The Interview Issue | Shannon Robinson

The collector launches a national event in support of representational art and artists

Collector Shannon Robinson. By Marc Piscotty.

Collector Shannon Robinson. By Marc Piscotty.

This story was featured in the March 2015 issue of Southwest Art magazine. Get the Southwest Art March 2015 print issue or digital download now–then subscribe to Southwest Art and never miss another story!

For a century now, much of public art conversation has been dominated by nonrepresentational styles. But the past few decades have seen a resurgence of representational art. One of its most ardent advocates in the West today is Shannon Robinson, who in 2006 left her law career to devote herself to supporting the Colorado Dominican Vocation Foundation through her annual Windows to the Divine exhibition. On November 13, Robinson launches the inaugural national symposium, convened at the Denver Art Museum, of Collectors for Connoisseurship, a new nonprofit dedicated to promoting a “dialogue about the direction of art.” We spoke with Robinson about the event and its related show, held at Gallery 1261, which features top realist painters including the ones whose works are shown here.

What do you hope to accomplish through Collectors for Connoisseurship? I think it’s vital to grow the base of collectors, and education is the key. Most of us collectors lack the education or the roadmaps for making any intentioned acquisitions plan. But I also think it’s important to introduce another 
element: more advocacy for and support of artists. If artists can’t make a living, we won’t have great art.

When you talk of artists here, your focus is specifically realist or representational artists, and you’ve made “The Renaissance of Realism” this year’s symposium theme. Why? We are seeing a resurgence of young painters who are classically trained, and an unprecedented number of ateliers and schools popping up everywhere. I think that realism, because it combines both skill and concept, is more understandable to people. With nonrepresentational progressive art, it can be more difficult to attribute concept or skill to the artist; you’re looking at something, and you don’t even know what it is. But people can grasp great realism and appreciate it more quickly, and any person can make an informed judgment about the work. What’s exciting about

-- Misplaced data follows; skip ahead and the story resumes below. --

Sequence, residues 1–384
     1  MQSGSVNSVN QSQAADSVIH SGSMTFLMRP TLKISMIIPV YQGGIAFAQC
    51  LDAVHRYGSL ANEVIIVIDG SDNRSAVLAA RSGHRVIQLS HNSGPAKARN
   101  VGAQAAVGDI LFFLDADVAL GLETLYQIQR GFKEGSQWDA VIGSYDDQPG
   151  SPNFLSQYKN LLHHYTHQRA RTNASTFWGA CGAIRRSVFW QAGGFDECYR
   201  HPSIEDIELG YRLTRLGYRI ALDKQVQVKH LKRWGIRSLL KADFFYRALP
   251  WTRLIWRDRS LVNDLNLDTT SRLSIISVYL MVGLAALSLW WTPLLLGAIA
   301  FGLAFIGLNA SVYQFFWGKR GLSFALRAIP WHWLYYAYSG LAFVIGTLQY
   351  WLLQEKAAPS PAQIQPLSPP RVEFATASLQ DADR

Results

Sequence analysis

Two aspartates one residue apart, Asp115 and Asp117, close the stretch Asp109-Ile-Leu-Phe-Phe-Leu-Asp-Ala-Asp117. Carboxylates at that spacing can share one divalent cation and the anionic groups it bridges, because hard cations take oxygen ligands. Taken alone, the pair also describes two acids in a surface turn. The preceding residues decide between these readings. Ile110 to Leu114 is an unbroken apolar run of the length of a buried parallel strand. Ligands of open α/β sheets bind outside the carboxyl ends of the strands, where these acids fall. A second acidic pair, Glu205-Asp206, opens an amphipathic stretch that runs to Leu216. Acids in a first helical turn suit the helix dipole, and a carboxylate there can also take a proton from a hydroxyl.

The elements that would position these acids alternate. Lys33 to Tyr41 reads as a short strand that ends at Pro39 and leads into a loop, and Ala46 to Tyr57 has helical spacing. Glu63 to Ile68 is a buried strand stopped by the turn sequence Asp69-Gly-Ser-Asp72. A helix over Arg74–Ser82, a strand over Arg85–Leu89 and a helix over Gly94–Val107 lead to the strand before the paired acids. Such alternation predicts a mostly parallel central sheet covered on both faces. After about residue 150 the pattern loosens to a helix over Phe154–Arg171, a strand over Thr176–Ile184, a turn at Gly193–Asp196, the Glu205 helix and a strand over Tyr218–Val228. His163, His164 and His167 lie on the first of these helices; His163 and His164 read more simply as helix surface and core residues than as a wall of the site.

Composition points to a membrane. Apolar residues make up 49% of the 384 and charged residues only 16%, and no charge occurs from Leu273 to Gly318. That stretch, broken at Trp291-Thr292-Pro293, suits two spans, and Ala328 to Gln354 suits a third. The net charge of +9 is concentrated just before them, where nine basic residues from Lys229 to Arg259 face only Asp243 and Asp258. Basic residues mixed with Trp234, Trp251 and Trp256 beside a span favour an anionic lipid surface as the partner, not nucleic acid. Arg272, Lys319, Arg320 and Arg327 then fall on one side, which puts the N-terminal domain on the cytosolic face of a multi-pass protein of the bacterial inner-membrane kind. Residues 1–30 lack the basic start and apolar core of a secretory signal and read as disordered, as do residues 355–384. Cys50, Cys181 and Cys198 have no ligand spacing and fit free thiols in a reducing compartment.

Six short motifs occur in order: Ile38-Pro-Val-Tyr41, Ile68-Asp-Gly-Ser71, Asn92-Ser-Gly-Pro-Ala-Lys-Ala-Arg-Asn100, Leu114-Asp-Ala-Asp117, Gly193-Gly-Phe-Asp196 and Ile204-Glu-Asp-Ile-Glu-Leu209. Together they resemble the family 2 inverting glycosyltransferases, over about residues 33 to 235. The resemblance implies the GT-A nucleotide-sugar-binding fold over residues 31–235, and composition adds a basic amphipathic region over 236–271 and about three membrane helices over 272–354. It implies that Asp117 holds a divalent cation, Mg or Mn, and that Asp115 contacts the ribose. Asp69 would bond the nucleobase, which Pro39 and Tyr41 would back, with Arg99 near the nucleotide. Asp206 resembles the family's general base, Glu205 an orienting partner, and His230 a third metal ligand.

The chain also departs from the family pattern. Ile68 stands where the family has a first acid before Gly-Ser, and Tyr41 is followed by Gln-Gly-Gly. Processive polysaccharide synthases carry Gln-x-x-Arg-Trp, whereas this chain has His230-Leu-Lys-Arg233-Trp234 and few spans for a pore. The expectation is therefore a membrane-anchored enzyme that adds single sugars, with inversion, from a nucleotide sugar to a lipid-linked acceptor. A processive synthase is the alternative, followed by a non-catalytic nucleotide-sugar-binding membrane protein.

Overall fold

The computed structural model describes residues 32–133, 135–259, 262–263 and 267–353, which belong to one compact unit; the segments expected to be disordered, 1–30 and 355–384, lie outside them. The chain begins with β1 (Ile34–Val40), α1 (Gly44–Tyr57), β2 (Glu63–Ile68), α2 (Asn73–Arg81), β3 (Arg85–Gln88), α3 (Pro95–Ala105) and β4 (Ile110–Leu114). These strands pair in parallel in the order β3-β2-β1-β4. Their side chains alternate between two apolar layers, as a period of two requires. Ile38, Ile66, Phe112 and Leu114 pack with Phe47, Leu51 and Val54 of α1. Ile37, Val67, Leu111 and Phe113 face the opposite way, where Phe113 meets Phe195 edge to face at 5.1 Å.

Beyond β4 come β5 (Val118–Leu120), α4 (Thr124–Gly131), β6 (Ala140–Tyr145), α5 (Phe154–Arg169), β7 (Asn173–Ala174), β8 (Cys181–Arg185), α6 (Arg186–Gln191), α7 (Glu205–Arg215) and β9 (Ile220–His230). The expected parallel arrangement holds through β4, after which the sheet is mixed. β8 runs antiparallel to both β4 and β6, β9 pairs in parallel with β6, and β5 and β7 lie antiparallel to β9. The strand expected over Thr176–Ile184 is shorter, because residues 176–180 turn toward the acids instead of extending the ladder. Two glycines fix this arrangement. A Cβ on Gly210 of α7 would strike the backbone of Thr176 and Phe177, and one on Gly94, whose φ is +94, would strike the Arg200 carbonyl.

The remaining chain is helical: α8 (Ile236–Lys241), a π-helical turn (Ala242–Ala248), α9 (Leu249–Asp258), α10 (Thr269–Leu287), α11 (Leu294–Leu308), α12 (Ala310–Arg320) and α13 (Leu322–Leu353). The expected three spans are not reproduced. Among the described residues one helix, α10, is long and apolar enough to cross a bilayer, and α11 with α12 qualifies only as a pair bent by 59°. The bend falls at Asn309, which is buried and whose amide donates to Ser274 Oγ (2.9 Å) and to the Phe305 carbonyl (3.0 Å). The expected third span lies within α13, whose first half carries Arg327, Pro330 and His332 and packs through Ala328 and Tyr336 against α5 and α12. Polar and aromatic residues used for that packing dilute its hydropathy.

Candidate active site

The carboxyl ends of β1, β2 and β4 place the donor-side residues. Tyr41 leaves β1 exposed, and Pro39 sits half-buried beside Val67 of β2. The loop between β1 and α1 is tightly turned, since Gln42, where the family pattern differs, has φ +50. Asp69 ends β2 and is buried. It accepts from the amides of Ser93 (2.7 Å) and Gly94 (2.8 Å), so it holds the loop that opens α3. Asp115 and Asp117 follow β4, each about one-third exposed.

the resurgence of realism is that people are learning to train 
their own eyes and make their own judgments.

David Leffel, Tony Reyna, oil, 20 x 17.

David Leffel, Tony Reyna, oil, 20 x 17.

But you aren’t strictly limiting the scope to traditional realist works. Why does the related show at Gallery 1261 include edgier pieces like Scott Fraser’s unusual still lifes or Jill Soukup’s abstracted industrial scenes? I think that contemporary realist works can be a bridge that allows people in the progressive art market to see that not only can these realist artists draw 
but also that their work is not so traditional that it can’t also have some nuance to it.

Speaking of nuance, you seem to have taken a nuanced approach to the symposium itself, with a variety of panelists that includes not only collectors but also realist artists and magazine editors. Why such a mix? Collectors are usually offered information only by the art industry, the galleries and dealers. What they’ve been missing is a well-rounded presentation. I think collectors need to hear not only from the market but also from the artists themselves, from their fellow collectors, and from the magazines, so they will get a more well-rounded sense of what’s happening out there.

You’ve recently been giving a lecture subtitled “Practical Tips on the Art Market and How Everyone Can Become a Collector.” So, what quick tips would you offer aspiring collectors? One of the first things you need to do is try to determine what your goals are, what’s your motivation. In a radical way, that will affect how you collect. If you want to build a legacy collection, you need to know what’s out there, who’s collecting what, which museums have a need. You have to be very focused. But if 
you’re simply collecting for your own aesthetic pleasure, you may be what is called a horizontal collector, selecting works from a number of different artists and styles to please yourself. You’ll have a much more cohesive collection sooner in your collecting lifetime.

But does the art have to be expensive or important to make you a serious collector? Art is not just a luxury item. To me, art is a very part of our being, and it makes humanity and life beautiful in every respect. Art is important. Everybody can be a collector, and everyone can own at least one piece of visual art. 
—Interview by Norman Kolpas

Featured in the March 2015 issue of Southwest Art magazine–click below to purchase:
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